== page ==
However, rubber mulch catches fire quickly, so it should not be used around a fire pit.

Geotextiles or Landscape Fabric

These allow water and air to seep through while keeping weeds dormant. However, a drawback of using geotextiles or landscape fabric is the roots and vines often intertwine with the fabric and make it difficult to remove. Another inconvenience is these do degrade over time, so you may need another mulch to cover it.

Mulch Coverage Estimate

To estimate the cost of mulch, you will definitely need to know about how much you will need for your project. When you have a square or rectangular area that you will spread mulch on, it is easy to calculate. However, when you have a complicated area, it is best to break it down into smaller plots that are easier to measure.

Once you come up with the length and the width, you will need to decide how deep you will want the mulch.

It depends on your personal choice or experience, but 2”, 3”, or 4” are the standard depths used, and 3” is considered as ideal. Likewise, you will need to use the same unit of measure throughout. Since inch is the smallest and most familiar to Americans, let’s use that.

To come up with the volume of mulch needed, use the formula, volume = length × width × depth. The total volume will be cubic inches. Then, you will need to do a little conversion to get your volume into a familiar measurement.

You can also use a mulch calculator that simplifies these calculations.

If you are going to buy bags of mulch for small projects you will do yourself, the unit of measurement to use is cubic feet. However, as every big bag buyer knows, it is cheaper to buy bulk, so you will need to know how many yards you will require.

After taking measurements, you figure you have a length of 10 ft (120 in) and a width of 10 ft (120 in) you want covered with 3″ in of mulch, which is 43,200 in3. That’s about 42 ft3, or 21 bags of mulch, or 1.54 yards of mulch. Some landscapers will have you round up to the next higher yard number. If this gets too confusing, you can use our mulch calculator.

Mulch Price Per Yard Estimates

Once you’re armed with the mulch type and how much you need you can estimate the cost. These are assuming a fairly level area of coverage to be done by hand. Estimates go up for mulch that needs to get spread in several different areas:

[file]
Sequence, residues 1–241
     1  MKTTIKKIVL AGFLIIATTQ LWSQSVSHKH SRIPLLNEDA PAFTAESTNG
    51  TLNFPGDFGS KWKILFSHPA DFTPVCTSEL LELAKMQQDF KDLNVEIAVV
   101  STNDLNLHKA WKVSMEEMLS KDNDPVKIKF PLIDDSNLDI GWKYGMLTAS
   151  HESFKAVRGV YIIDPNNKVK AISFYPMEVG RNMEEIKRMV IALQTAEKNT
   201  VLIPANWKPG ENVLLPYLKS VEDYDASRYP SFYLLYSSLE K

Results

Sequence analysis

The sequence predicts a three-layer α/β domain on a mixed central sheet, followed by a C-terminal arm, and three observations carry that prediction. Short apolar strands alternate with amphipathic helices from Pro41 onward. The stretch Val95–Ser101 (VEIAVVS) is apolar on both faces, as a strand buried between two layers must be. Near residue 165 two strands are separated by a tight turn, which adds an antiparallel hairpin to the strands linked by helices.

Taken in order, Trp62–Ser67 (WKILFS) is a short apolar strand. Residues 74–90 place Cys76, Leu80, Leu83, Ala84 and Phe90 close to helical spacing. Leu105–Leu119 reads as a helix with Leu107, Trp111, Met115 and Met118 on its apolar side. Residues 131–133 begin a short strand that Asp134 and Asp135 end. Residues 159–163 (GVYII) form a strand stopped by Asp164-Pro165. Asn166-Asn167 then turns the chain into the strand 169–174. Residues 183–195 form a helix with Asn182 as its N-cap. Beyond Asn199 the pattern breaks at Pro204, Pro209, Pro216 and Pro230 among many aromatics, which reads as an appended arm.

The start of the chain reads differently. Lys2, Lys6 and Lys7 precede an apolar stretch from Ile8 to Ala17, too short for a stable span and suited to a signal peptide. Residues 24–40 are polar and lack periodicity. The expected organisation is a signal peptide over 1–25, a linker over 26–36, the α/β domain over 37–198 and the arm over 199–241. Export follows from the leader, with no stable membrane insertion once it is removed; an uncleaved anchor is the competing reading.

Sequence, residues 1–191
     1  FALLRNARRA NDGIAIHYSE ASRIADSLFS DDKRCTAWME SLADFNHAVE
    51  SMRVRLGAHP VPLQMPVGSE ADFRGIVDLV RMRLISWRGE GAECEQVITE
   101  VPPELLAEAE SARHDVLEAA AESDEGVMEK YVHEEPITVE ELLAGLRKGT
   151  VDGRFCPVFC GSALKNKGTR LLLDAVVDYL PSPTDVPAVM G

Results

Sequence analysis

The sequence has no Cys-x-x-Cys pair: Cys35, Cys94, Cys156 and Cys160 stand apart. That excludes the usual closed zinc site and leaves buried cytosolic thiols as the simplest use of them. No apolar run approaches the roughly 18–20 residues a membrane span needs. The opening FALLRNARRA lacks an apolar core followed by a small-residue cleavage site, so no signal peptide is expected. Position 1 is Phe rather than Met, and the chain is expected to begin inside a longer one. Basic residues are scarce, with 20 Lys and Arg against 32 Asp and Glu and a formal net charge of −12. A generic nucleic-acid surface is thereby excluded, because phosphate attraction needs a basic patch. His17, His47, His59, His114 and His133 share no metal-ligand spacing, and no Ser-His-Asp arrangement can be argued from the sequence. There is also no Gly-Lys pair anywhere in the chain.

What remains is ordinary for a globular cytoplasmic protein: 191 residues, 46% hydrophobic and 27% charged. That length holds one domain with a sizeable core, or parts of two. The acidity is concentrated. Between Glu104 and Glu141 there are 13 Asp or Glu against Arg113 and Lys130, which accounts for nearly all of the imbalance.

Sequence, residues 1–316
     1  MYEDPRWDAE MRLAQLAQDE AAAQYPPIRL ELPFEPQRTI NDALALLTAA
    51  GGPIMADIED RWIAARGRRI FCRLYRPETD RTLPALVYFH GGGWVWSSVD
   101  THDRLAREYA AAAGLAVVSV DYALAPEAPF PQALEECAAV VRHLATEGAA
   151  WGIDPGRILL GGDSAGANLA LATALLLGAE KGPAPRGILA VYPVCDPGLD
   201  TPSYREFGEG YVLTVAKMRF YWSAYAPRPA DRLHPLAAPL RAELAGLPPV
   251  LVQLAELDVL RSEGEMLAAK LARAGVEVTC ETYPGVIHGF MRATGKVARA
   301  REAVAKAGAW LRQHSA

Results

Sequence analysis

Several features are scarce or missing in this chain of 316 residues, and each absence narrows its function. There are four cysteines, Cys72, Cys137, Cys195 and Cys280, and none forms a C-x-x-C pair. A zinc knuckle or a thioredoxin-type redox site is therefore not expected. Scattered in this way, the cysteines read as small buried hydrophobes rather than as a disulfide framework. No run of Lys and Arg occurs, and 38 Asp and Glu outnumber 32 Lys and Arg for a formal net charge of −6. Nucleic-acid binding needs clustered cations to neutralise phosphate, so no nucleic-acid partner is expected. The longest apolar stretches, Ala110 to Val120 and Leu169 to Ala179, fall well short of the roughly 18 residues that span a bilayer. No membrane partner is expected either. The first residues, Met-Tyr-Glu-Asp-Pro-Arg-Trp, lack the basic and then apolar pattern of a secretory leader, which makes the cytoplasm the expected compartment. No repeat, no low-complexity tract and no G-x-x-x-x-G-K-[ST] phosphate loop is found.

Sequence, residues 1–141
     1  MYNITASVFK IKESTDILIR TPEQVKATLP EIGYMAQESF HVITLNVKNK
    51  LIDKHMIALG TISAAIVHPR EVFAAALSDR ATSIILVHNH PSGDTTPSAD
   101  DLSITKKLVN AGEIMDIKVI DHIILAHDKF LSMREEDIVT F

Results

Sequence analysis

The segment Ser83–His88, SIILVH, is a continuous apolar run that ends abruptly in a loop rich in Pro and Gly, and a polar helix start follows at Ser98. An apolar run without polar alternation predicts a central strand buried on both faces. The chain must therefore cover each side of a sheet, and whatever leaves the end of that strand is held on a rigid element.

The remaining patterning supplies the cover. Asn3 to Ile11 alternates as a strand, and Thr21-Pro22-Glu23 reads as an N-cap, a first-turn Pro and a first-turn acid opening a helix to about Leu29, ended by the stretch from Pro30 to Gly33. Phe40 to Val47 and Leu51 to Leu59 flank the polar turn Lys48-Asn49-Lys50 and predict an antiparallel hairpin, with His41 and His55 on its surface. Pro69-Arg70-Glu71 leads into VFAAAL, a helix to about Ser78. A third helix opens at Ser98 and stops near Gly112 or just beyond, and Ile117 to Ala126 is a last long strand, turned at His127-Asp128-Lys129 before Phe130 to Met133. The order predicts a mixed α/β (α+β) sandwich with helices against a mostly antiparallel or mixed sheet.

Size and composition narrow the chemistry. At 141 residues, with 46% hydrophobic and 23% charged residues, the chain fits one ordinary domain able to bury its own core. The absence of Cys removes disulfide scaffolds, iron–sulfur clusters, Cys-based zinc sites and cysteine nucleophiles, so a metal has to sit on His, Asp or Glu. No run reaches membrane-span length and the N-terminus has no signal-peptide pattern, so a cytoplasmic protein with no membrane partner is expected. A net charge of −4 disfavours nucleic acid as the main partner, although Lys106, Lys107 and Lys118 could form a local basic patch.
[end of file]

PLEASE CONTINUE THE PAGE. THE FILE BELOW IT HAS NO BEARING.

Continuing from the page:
Organic Mulch Prices

  • Wood Chips…$60/yard3
  • Forest Mulch…$84/yard3
  • Organic Compost…$90/yard3
  • Hemlock…$100/yard3

Inorganic Mulch Prices

  • Mulch…$10/12 per 2 ft3bag
  • Plastic Mulch…$25-30 per 15 x 3 ft roll
  • Landscape fabric…$20 per 50 x 3 ft roll

Most landscapers will give you an all-in price for delivery, labor, and taxes per yard. Labor would be challenging to estimate because labor usually gets determined by the area.

California typically has much higher labor costs than Alabama, for example. Even within a state, laborers pay per hour/job can vary widely. And then, the landscaper could charge by the hour or by the cubic foot or yard.

Although labor costs vary widely, it should not surprise you to pay $150-300 per yard for labor. Popular landscapers are busy. The busier the landscaper, the more they can charge.

A Ballpark Figure for Mulch

To find a ballpark figure for a landscaper to install a mulch bed, estimate the price of materials using the methods above and consider the labor rates in your area. The best method is to get a few estimates from reputable landscapers in your area.

Keep in mind the cheapest is not always the best bargain. Recommendations from satisfied customers usually signal a superior deal in the long run.